Monday, December 21, 2015

Our Last Week at Home Before Leaving to Travel Full-time

After we returned from our trip to Indiana, we never moved back into the house. With trying to pack things up, having boxes all over, and much of our daily stuff already in the trailer or packed, it was just easier to stay in the trailer.

Besides, we needed that time in the trailer to really see how it would work for us, and to decide what we needed yet to make it comfortable. We backed the trailer into the same spot behind the house (and out of sight of the road) that it was before, hooked up to utilities, and made ourselves at home.

As a side-note to all this...although we had been avid TV watchers before the trip to Indiana, during the trip and afterward, we found ourselves too busy to watch TV. Also, we knew that we would run into two main obstacles, data usage if we watched on the web, or (coach) battery consumption if we were out boondocking. The latter was experimental at this point, and our main concern was keeping the refrigerator running. Anything else was secondary.

And after our first trial run of the new antenna to make sure everything worked, and getting only four channels of PBS at home in Arkansas, we really had no urgent desire to mess with setting everything up, when we had so many other more urgent tasks at hand.

We were too busy to take photos of the mess we were in inside the house, but anyone who has had to pack everything up as quickly as possible can relate to having boxes and packing materials all over. Whatever didn't go with us was left where it sat. Other things had to be divided into four different groups, (1) Haulmark trailer, (2) Harbor Freight trailer, (3) Chrysler minivan, and (4) Chevy conversion van.

The first Chevy van load before we unloaded it, went to Indiana,
and then reloaded it again, with even more stuff!

We had originally started loading stuff into the Chevy van before we left for Indiana, thinking we would stay gone and head north from there. But as the season got later, and the weather got colder, we decided to empty out the Chevy van, go to Indiana, and then reload the van upon returning. We would head south from home, rather than north.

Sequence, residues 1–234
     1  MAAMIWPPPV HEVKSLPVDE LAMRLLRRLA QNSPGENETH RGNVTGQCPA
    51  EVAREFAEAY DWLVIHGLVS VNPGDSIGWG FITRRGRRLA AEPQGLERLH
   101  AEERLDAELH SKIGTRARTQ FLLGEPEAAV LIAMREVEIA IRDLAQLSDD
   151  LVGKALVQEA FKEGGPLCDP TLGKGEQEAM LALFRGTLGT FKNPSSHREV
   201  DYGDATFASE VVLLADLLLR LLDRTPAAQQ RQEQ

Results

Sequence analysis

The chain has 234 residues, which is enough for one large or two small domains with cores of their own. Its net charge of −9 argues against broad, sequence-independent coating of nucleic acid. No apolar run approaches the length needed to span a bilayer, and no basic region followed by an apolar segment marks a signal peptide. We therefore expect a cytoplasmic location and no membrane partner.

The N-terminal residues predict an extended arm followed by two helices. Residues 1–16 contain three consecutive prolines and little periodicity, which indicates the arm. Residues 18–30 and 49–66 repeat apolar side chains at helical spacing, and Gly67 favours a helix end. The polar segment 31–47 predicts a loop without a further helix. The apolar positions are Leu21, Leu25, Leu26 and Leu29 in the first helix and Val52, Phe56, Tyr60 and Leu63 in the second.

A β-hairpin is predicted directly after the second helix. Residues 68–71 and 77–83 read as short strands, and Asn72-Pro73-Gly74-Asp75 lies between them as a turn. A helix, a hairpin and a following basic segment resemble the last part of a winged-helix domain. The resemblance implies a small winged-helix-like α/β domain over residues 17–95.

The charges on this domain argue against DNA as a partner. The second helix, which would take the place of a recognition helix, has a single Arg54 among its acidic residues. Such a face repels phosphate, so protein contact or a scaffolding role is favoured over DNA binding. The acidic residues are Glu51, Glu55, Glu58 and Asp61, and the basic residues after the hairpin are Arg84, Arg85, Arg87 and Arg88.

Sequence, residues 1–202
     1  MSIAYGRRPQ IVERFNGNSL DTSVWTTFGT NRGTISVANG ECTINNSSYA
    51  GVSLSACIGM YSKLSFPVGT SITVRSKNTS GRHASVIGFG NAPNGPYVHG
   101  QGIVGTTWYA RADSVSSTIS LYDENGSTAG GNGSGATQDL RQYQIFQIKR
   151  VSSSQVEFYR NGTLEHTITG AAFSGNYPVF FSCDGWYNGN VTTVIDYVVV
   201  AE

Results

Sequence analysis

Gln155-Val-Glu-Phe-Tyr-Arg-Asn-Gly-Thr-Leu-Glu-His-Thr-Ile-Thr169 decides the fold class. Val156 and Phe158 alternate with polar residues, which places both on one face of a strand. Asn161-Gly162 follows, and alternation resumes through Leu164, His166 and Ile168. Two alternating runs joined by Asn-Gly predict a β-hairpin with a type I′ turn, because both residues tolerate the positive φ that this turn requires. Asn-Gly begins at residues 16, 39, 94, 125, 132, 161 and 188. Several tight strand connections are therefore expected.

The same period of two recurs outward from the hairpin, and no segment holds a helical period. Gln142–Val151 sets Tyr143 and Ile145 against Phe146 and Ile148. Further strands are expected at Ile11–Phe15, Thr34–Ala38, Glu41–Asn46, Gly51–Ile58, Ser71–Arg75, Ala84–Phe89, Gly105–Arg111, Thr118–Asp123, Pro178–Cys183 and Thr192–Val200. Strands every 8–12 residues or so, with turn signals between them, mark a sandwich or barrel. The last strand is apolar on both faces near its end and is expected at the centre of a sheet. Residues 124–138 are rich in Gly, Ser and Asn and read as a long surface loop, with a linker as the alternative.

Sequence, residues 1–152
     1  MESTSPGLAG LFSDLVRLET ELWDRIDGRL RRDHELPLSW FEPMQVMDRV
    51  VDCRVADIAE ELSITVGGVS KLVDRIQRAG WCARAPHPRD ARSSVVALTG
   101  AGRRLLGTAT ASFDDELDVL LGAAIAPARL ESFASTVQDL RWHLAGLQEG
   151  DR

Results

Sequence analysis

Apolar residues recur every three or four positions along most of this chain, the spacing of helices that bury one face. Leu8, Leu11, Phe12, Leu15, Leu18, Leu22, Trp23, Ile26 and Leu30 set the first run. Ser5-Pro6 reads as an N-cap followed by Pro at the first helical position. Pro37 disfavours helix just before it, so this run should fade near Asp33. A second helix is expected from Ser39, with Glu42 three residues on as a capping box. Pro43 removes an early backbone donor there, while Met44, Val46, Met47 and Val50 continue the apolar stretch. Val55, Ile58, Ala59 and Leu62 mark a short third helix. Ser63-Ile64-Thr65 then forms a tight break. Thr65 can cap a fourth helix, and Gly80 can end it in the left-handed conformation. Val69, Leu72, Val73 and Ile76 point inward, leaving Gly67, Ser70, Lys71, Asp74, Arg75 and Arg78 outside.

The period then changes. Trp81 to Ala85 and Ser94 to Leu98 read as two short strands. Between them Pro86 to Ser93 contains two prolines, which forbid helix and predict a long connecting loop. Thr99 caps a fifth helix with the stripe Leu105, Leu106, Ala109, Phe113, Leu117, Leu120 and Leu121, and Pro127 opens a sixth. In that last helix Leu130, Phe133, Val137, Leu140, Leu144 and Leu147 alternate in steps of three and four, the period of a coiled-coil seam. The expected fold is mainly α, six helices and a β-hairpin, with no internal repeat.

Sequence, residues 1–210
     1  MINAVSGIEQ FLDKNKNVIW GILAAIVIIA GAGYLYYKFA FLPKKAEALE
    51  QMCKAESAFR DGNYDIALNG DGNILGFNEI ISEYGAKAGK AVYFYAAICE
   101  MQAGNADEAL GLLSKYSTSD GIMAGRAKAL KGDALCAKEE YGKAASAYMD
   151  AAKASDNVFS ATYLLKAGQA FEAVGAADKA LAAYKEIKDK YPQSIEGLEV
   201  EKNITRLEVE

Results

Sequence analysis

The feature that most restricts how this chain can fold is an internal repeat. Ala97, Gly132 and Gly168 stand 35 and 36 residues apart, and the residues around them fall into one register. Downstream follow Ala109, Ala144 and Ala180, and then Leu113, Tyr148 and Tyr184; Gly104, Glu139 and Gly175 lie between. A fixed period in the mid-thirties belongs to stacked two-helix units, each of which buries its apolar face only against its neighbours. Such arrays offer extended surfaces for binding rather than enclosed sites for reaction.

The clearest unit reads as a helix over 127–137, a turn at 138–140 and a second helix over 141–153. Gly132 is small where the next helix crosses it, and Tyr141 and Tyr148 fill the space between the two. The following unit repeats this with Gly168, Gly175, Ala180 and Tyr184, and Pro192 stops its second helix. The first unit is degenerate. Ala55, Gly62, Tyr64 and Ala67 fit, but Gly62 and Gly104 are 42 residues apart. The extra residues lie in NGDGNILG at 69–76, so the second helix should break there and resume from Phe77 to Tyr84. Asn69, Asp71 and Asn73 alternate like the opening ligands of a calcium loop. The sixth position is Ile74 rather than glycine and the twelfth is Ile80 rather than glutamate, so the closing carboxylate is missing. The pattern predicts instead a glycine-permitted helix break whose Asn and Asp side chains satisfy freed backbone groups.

That turned out to be a good choice, after seeing how low the van was to the ground with just that smaller amount in it. We would have never made it to Indiana fully loaded, without the Air Lift air bag suspension we had installed while in Indiana. Let's not even discuss having to have a transmission replaced while there!

The minivan was just as bad, and during the last couple weeks we were at home, we had to research and order new Timbrens for the Chrysler. Timbrens are the rubber bumper stops that mount between the frame and axle so that when you hit a hard bump it doesn't smack metal-to-metal on each other. The ones that come stock on vehicles are only the very least required. After-market companies can provide much heavier ones, designed to actually hold the suspension up to carry much heavier loads, so that is what we bought. And seeing the results and handling first hand, they were a very good choice. Without them, we wouldn't have been able to load the van fully, let alone put the tongue weight of a trailer on it!

The load in the side door of the minivan.